LONDON (Reuters) - Archaeologists in London have discovered the remains of an early playhouse used by William Shakespeare’s company where “Romeo and Juliet” and “Henry V” were first performed.
Pre-dating the riverside Globe, the Curtain theater, north of the river Thames in Shoreditch, was home to Shakespeare’s company - the Lord Chamberlain’s Men.
Remains of walls forming the gallery and the yard within the venue have been discovered by archaeologists from Museum of London Archaeology (MOLA).
“This is a fantastic site which gives us unique insight into early Shakespearean theatres,” said Chris Thomas from MOLA, who is leading the archaeological work.
The theatre was immortalized as “this wooden O” in the prologue of Henry V with the lines: “Can this cock-pit hold within this wooden O, the very caskes that did affright the Ayre at Agincourt?”
The discovery will delight historians and Shakespeare fans as excavations offer a picture of where the writer’s early productions were performed, although little further detail is known about the early playhouse.
“This is an outstanding site - and a fortuitous find in the year of the worldwide celebration of Shakespeare,” said Kim Stabler, Archaeology Advisor at English Heritage.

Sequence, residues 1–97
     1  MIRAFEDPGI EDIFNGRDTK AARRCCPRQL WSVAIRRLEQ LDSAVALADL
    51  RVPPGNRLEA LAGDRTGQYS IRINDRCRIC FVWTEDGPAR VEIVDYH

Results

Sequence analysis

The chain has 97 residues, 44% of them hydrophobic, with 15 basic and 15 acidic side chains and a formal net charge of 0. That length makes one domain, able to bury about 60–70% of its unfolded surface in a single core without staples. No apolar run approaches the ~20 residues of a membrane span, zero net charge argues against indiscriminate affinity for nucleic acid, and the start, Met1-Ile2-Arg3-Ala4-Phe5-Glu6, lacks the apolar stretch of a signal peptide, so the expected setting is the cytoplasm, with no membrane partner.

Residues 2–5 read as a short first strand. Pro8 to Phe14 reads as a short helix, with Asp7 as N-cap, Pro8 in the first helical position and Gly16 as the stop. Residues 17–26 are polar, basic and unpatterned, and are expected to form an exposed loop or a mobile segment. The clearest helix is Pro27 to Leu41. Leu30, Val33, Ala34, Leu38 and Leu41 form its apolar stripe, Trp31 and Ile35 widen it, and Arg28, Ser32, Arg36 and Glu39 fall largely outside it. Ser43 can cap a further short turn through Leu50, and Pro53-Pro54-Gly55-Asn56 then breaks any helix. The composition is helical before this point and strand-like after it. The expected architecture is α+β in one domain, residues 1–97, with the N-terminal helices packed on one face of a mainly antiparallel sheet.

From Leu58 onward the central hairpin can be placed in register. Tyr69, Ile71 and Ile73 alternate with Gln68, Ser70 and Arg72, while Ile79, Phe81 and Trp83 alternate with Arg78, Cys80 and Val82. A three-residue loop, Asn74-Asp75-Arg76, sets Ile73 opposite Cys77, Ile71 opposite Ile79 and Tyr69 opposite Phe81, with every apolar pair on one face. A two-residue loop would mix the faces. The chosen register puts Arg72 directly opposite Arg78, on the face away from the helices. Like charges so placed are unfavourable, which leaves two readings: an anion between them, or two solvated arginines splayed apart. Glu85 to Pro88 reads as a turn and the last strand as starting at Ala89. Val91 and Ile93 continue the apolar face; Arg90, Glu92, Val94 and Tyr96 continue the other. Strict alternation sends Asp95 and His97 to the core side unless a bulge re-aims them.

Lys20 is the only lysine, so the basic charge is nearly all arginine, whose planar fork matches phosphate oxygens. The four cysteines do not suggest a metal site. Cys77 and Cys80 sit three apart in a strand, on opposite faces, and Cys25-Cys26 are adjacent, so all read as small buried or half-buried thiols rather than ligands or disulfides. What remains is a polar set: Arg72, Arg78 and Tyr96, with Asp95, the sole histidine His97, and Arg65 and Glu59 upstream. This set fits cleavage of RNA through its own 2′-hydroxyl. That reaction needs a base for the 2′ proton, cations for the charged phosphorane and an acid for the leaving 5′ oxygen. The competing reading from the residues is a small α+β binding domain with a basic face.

London has been celebrating its cultural heritage with a world Shakespeare festival taking place at the Globe theatre and across the UK, as part of a festival to coincide with the Olympics this summer and will last to November.
“The find is another wonderful opportunity to further our understanding of Shakespeare’s theatres,” said Neil Constable, Chief Executive of Shakespeare’s Globe.
The Curtain Theatre opened in 1577 close to London’s first playhouse “The Theatre” and was one of a number of early theatres built outside the city’s walls.
The venue took its name from nearby street Curtain Close.
It was the main arena for Shakespeare’s plays between 1597 and 1599 until the Globe was completed in Southwark, but it is unclear what happened to the playhouse after that when it seemed to vanish from historic records after 1622.
Some experts say it may have remained in use until the Civil War in the 1640s.
Archaeologists stumbled upon the Curtain Theatre’s remains on Hewett Street after work began on a regeneration project led by local developers last October.
Soon after the remains were found on an exploratory dig, architects began drawing up plans to preserve the remains while allowing the development to go ahead.
A spokesman for Plough Yard Developments, the company leading the regeneration project with the Estate Office Shoreditch, said the excavations could become a preserved centerpiece of a new housing and shopping area.
The plans are set to go on display on June 8 and 9 at the site.
“Although the Curtain was known to have been in the area, its exact location was a mystery,” the Plough Yard spokesman said.
Editing by Paul Casciato